Whisky has been produced in Australia for a very long time, and in fact in the 1890′s the illicit whisky production in the state of Victoria produced a whisky that was affectionately called “new milk” and “mountain dew”. For most of Australia’s history, whisky production was underground and illegal or seriously hindered by burdensome regulatory requirements. The early whisky trade in Australia resembles something from a wild west movie; with illicit stills, whisky smuggling, illegal moonshining and rugged gun slinging  outlaw bushrangers.

Some of the booze that flowed out of early 1900’s Australian stills was thought to be of poor quality. Australian laws were then designed to crack down on illicit backyard moonshiners who were making much of the nasty whisky. Though, one thinks, the temperance movement in Australia may have also had a part to play in attempts to rein in drinking. 

The law also seemed to stifle entrepreneurship. There were few major producers of Australian whisky. One major producer of whisky in Australia was Corio. Corio was based in the city of Geelong within the state of Victoria and it opened in the late 1920’s. Older generations of Australians look back on Corio whisky with mixed emotions, though the whisky is before the time of most millennials. Corio ceased production decades ago in the late 1980’s. 

The result was that hardly anyone was distilling whisky, at least legally and on a big scale. The law – specifically as provided by the Distillation Act 1901 (Cth) required licensees to have large capacities that may simply have been unfeasible for smaller (or start-up) commercial ventures. The law was seen to be burdensome for businesses to comply with, so few people in Australia set out to make money from making and selling whisky. The law was eventually changed.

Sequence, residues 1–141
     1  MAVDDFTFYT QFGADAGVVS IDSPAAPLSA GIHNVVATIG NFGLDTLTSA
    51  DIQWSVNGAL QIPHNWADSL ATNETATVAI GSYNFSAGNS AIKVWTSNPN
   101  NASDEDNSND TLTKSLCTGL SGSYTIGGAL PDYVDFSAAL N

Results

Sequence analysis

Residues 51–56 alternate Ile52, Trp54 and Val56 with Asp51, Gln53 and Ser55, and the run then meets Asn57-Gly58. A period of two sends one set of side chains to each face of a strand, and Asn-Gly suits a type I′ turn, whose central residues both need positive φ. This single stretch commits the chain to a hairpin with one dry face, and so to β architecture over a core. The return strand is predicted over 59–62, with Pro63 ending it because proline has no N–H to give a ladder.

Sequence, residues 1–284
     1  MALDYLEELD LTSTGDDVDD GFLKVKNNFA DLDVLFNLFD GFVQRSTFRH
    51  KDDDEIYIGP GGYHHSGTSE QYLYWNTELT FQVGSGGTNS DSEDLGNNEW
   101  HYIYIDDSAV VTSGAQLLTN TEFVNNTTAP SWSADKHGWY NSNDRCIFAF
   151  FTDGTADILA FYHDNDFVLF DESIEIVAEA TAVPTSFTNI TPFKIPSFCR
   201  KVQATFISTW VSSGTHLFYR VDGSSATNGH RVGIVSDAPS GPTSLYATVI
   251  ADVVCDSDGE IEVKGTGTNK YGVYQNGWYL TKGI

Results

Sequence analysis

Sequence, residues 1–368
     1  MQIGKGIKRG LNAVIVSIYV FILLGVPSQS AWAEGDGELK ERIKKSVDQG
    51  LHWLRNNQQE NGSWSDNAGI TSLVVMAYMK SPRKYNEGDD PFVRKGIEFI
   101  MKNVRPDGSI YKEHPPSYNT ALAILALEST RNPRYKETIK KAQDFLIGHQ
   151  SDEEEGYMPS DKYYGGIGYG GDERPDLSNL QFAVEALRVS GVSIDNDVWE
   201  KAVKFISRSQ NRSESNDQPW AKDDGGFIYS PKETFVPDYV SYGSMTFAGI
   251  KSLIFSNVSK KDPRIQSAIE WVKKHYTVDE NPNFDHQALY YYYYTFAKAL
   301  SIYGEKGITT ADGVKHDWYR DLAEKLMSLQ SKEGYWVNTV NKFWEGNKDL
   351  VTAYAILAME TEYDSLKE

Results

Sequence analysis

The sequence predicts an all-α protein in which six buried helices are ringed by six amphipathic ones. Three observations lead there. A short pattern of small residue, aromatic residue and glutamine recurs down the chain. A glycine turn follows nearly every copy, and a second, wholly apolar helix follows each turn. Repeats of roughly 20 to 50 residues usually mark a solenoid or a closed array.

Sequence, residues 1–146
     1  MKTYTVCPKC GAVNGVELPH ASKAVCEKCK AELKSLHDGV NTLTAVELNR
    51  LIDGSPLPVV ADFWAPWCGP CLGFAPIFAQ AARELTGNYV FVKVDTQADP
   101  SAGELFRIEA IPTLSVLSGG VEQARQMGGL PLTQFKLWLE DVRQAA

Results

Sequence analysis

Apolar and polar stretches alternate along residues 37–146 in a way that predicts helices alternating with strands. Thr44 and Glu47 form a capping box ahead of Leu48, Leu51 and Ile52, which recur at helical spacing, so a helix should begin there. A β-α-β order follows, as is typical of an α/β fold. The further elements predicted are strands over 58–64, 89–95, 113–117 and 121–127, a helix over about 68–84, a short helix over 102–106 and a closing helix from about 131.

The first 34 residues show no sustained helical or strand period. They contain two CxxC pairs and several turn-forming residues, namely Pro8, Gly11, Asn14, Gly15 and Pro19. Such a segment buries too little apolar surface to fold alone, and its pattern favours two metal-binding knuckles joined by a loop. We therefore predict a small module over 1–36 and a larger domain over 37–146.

A younger version of myself with Bill Lark

In the 1990’s within the apple shaped island of Tasmania, the modern Australian whisky industry was being born. The Australian whisky industry, led by Bill Lark (known as the “godfather” of Australian whisky), refused to follow the Tasmanian Tiger to extinction. In 1992, about 150 years after the last licenced Tasmanian distillery closed its doors, Bill and Lyn Lark obtained their General Distiller’s Licence. The Lark Distillery commenced production, and other distilleries began to sprout mostly in Victoria and Tasmania. 

Released from the shackles of previous regulation, Australian whisky producers now flourish. The trailblazers were followed by other whisky producers and the rest is history. Now, we can all start to enjoy the magnificent whisky that is flowing out of Tasmania, and, more generally, Australia.

Most of the whisky distilleries in Australia are located in Tasmania, and include Tasmania Distillery (Sullivan’s Cove), Old Hobart Distillery (OveReem), Hellyer’s Road, Nant and Belgrove. Victoria is home to Bakery Hill, New World Distillery (Starward) and Timboon, while Western Australia is home to the Limeburners brand of whisky. In tropical north Queensland, the Mt Uncle Distillery produces a single malt it has named The Big Black Cock whiskey (the head distiller tells me that the name came to him as he was woken by a rooster!).